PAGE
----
**ProbaPerception**, and kindly contributed to R-bloggers)

The function **apply()** is certainly one of the most useful function. I was scared of it during a while and refused to use it. But it makes the code so much faster to write and so efficient that we can’t afford not using it.** **If you are like me, that you refuse to use apply because it is scary, read the following lines, it will help you. You want to know** how to use apply() in general, **with a** home-made function **or with** several parameters **? Then, go to see the following examples.

The function apply() is known as extremely useful to improve the speed of our code when we want to operate some functions on a matrix or a vector. I use it, but I do not really know how to use it.

**What is it?**

apply() is a R function which enables to make quick operations on matrix, vector or array. The operations can be done on the lines, the columns or even both of them.

**How does it work?**

The pattern is really simple : apply(**variable**, **margin**, **function**).

–**variable** is the variable you want to apply the **function** to.

–**margin** specifies if you want to apply by row (margin = 1), by column (margin = 2), or for each element (margin = 1:2). Margin can be even greater than 2, if we work with variables of dimension greater than two.

–**function** is the function you want to apply to the elements of your variable.

Because I think example is clearer than anything else, here is the most important example to understand the function apply().

Introduction:

#will apply the function mean to all the elements of each row

apply(a, 1, mean)

# [1] 6 7 8 9 10

#will apply the function mean to all the elements of each column

apply(a, 2, mean)

# [1] 3 8 13

#will apply the function mean to all the elements of each column and of each row, ie each element

apply(a, 1:2, mean)

# [,1] [,2] [,3]

# [1,] 1 6 11

# [2,] 2 7 12

# [3,] 3 8 13

# [4,] 4 9 14

# [5,] 5 10 15

We have just worked on the different margins to show the basic possibilities. But as I said we can also work on other variables such as an array of dimension 3:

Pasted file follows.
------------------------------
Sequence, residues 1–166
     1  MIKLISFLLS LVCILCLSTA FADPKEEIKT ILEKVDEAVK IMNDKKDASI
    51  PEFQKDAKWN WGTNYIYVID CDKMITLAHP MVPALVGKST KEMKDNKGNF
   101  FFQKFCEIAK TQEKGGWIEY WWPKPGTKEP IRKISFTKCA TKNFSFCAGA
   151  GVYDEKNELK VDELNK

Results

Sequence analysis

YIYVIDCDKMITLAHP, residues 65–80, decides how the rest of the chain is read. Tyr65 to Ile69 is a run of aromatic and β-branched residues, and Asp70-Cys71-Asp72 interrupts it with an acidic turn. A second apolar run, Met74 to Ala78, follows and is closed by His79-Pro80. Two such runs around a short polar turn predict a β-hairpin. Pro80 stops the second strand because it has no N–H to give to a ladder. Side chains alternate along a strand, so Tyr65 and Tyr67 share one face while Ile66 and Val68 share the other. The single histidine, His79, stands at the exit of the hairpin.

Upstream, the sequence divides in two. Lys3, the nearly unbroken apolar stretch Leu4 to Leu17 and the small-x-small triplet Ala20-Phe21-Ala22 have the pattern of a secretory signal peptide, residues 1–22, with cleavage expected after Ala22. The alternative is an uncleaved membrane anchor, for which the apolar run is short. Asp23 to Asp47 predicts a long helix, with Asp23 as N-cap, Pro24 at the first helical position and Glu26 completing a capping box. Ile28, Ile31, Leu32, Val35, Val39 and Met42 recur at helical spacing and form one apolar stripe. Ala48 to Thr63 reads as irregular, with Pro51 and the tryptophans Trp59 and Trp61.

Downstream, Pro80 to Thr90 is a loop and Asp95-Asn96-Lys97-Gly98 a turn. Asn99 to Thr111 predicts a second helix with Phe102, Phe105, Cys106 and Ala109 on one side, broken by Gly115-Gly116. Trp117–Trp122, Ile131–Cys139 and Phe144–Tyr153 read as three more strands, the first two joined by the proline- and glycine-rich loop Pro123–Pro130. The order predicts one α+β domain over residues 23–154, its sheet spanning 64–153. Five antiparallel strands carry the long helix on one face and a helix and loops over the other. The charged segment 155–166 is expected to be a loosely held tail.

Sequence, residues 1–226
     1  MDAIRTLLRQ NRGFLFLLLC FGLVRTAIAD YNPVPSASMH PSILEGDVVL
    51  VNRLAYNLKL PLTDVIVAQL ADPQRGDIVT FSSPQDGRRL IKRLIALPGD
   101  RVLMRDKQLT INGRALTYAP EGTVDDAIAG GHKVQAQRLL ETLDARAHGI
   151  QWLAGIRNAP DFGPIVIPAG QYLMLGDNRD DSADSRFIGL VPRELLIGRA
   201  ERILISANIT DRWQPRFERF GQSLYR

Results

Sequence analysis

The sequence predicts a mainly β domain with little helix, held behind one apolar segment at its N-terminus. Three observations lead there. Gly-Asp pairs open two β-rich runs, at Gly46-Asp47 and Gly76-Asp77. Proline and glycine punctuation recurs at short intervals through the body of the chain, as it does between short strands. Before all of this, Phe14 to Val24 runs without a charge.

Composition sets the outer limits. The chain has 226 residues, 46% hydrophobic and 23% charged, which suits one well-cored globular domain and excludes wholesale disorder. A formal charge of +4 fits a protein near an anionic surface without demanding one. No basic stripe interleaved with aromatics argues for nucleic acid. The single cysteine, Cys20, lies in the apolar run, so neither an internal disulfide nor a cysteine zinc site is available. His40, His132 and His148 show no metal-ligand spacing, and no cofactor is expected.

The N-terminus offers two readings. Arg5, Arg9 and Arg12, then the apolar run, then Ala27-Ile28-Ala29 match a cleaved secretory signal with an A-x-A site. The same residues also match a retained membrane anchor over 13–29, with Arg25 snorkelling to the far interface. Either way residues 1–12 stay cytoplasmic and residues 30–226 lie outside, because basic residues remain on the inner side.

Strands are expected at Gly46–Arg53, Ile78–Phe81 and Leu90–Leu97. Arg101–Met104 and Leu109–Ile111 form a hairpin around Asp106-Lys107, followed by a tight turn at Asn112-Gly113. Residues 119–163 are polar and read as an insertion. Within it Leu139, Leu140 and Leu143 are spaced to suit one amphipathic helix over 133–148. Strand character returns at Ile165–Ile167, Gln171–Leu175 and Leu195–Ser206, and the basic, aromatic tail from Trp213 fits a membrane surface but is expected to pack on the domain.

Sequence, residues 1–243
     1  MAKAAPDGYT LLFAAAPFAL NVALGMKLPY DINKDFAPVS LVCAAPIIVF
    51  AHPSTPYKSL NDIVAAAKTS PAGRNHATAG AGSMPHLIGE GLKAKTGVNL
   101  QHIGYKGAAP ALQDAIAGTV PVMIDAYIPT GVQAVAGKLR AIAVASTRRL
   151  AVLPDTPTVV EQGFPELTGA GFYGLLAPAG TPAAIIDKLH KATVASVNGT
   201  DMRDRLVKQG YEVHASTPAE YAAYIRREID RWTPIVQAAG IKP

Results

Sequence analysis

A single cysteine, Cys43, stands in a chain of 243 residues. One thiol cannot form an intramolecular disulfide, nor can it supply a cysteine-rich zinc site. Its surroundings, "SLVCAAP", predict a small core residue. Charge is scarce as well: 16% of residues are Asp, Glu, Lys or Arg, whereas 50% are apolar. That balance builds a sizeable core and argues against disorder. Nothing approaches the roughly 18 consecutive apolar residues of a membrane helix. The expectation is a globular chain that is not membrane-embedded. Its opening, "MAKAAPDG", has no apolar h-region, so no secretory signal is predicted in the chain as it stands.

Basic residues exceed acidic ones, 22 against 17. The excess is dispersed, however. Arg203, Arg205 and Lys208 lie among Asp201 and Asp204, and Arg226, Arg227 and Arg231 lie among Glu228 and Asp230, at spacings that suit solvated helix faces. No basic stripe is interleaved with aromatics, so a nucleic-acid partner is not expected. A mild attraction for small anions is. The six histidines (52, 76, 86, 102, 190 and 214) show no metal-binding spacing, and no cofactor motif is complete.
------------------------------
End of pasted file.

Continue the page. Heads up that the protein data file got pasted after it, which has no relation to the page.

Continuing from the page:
#apply() for array of other dimension :

a = array(1:8, dim = c(2,2,2))

apply(a, 3, sum)

# , , 1

#

# [,1] [,2]

# [1,] 1 3

# [2,] 2 4

#

# , , 2

#

# [,1] [,2]

# [1,] 5 7

# [2,] 6 8

**Use a home-made function:**

We can also use our own function. For example, we reproduce the function sum (absolutely useless but let’s keep it simple!).

f1 = function(x){

return(sum(x))

}

apply(a, 1, f1)

**Several parameters:**

A function with several parameters. Here is the main reason why I was never using apply(), I did not know how to do when I had several parameters in a function. This is quite simple, we just have to specifiy in the parameter the variable which is constant.

f2 = function(x1,x2){

x1-x2

}

b = 2

#with the second parameter as an option

apply(a,1,f2,**x2=b**)

# [,1] [,2] [,3] [,4] [,5]

# [1,] -1 0 1 2 3

# [2,] 4 5 6 7 8

# [3,] 9 10 11 12 13

# [3,] 22 24 26 28 30

#with the first parameter as an option

apply(a,1,f2,**x1=b**)

# [,1] [,2] [,3] [,4] [,5]

# [1,] 1 0 -1 -2 -3

# [2,] -4 -5 -6 -7 -8

# [3,] -9 -10 -11 -12 -13

I hope these examples will help you. Personally I use the function apply() since I went through these few examples. Of course there are many other details which can be useful, but these first examples deal with the main useful possibilities of apply().

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**ProbaPerception**.

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